“Lifeguarding is no longer the glamorized job it once was many years ago”

When I was in high school I took a lifeguarding class. It ran for a week and at the end you got your lifeguard certification and theoretically a potential job at the town’s public pool. I never ended up using the certification but I’ve always thought lifeguarding was a pretty decent summer job (excluding potential presents in the pool and anyone in distress) and I was undoubtedly influenced by Baywatch which peaked in the middle of my childhood. In May the local paper reported that the town only had half their usual lifeguard total and had to cut open swim hours in half. The local YMCA hoped to get more people into emergency lifeguard classes and up the hours and for about 10 seconds I actually thought about applying. I didn’t but glad someone had the same idea ($):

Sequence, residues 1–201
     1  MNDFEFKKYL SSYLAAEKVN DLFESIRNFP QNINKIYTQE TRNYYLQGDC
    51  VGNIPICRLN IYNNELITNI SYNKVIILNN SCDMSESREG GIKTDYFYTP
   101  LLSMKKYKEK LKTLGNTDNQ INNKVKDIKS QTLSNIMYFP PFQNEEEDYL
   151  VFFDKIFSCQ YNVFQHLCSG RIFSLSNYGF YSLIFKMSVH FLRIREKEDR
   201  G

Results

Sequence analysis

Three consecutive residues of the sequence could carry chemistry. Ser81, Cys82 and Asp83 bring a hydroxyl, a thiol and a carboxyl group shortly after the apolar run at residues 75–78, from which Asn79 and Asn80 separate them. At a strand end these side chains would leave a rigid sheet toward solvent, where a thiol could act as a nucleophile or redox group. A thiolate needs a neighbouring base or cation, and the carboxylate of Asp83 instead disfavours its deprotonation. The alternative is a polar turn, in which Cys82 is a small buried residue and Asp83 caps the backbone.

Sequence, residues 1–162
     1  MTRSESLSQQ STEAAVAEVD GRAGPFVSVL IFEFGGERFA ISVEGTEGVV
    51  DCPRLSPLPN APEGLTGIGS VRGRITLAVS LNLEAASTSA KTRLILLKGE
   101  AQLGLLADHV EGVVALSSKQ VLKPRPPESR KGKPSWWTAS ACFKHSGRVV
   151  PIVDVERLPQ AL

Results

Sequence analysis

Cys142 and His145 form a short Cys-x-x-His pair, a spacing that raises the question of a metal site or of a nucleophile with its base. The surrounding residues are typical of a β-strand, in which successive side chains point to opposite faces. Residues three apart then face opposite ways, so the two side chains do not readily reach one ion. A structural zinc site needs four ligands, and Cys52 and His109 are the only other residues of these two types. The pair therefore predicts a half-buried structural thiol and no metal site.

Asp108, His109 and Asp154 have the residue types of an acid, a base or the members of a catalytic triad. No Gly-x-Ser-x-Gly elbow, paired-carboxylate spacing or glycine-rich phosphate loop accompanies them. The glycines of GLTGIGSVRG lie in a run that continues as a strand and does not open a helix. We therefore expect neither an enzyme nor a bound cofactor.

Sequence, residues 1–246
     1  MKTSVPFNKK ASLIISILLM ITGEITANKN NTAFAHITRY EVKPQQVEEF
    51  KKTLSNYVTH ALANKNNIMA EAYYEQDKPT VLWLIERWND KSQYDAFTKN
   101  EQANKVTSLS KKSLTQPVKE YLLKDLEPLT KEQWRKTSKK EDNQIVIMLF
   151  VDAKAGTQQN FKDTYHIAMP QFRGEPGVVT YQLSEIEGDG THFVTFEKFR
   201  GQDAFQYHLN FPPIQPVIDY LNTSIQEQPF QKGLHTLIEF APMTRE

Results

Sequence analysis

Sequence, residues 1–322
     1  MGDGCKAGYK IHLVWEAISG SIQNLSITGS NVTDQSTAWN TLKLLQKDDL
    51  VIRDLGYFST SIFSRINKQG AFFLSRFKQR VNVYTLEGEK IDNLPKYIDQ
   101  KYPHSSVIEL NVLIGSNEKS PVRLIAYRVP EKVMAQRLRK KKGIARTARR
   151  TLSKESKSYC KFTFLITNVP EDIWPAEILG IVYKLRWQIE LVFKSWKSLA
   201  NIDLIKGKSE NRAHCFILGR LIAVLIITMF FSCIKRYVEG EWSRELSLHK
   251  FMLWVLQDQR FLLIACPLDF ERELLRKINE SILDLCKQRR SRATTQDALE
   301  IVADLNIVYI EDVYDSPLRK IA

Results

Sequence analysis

Joshua Vish, at age 36, is the oldest lifeguard at the Dormont Pool. The job pays $15 an hour and is a dream come true, he said. Maybe even a life-saver.

“It feels very much like, ‘Finally!’ ” Mr. Vish said of his new work.

“It’s like I got held back two decades, and now I’m starting all over again,” Mr. Vish said. “My life basically needs a reset.”

He gives his young co-workers a wide berth, he said, and doesn’t socialize with them outside of work. It is a relief to know they can’t fathom the pain of his recent breakup, Mr. Vish said. He also lost the car in his breakup, so he walked to work until he got a 1997 Oldsmobile Cutlass Supreme.

The management company says too many people see the job as boring and it lacks the glamor it used to. I’m not sure lifeguarding a pool ever had glamor, there’s a reason Mitch Buchanan was hanging out on LA beaches and not one of LA’s 30 public pools